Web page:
By Jon Keller

BOSTON (CBS) – By now you’ve probably heard about the saga of the local sports radio talk show host who infuriated Tom Brady and what seems like most of the public by using a very disparaging adjective to refer to Brady’s five-year old daughter after she appeared in the video “Tom vs. Time.”

Here is a portion of Brady’s initial response.

“It’s very disappointing when you hear that with my daughter or any child, they certainly don’t deserve that,” he told WEEI.

Related: Brady Doesn’t Want WEEI To Fire Reimer

You can say that again Tom. But the sad truth is, that foolish host is not the first to violate what used to be a strong taboo.

Back in the day, the minor children of a president were considered off-limits by the press, and negative remarks about them were rarely if ever heard.

But that changed by the early eighties, when a young Amy Carter drew public criticism at times.

And by the time 12-year-old Chelsea Clinton reached the White House, the likes of Rush Limbaugh and the Saturday Night Live writers felt free to openly mock her.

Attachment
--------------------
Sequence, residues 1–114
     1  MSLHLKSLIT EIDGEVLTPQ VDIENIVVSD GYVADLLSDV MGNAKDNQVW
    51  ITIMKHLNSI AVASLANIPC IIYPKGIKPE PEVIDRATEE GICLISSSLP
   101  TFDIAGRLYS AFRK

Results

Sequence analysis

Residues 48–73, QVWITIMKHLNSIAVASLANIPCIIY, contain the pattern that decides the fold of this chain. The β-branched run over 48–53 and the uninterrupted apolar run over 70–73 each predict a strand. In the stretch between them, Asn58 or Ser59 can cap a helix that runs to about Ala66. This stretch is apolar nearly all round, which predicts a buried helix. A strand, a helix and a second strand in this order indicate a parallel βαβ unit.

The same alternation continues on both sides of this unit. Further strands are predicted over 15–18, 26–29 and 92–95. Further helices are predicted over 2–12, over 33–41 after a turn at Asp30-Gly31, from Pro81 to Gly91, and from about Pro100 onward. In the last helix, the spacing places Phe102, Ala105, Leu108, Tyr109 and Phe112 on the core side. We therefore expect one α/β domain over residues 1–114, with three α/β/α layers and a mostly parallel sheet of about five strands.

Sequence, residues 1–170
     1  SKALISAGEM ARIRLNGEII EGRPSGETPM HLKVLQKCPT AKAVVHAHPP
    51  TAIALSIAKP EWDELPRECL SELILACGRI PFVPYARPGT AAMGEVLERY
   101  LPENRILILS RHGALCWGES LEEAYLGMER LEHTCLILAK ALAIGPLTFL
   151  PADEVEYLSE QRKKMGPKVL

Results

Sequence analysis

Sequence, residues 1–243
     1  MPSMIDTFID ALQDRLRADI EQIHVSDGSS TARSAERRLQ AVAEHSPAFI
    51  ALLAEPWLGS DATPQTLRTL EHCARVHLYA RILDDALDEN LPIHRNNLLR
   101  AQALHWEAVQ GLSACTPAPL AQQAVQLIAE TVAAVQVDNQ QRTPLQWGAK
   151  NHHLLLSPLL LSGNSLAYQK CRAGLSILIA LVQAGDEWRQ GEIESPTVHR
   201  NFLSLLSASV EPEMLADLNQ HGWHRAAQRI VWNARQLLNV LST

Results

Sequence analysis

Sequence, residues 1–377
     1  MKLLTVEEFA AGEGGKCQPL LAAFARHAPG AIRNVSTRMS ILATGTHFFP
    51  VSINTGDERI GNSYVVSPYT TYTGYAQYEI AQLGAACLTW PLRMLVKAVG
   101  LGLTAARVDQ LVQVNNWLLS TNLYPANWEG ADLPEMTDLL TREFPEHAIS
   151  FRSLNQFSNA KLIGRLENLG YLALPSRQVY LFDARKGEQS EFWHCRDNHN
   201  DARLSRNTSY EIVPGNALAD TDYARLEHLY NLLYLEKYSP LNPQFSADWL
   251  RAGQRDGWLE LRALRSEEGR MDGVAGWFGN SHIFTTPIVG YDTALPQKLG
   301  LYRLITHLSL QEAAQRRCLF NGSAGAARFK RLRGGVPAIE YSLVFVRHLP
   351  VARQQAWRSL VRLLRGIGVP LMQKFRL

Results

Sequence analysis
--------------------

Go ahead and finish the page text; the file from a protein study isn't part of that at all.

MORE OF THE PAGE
Sasha and Malia Obama were called classless for showing their boredom at the annual turkey pardoning.

And the unrestrained vitriol unleashed by social media has resulted in 11-year-old Barron Trump being targeted by Twitter trolls.

It’s bad enough that every public misstep of grown presidential children is seen as fodder, even if they never sought a public profile.

No wonder so many good people pass on public service for fear of the toll it might take on their families.

But the gratuitous insulting of a five-year-old girl for the crime of seeking her father’s attention?

If we thought we had hit bottom, we were wrong.

Share your take with me via email at, or you can reach me on Twitter, @kelleratlarge.

  1. Good points, Jon.

    But what does that say about your colleagues that call themselves “journalists”.

    Clean your own house, Jon, and we’ll be supportive of your efforts.

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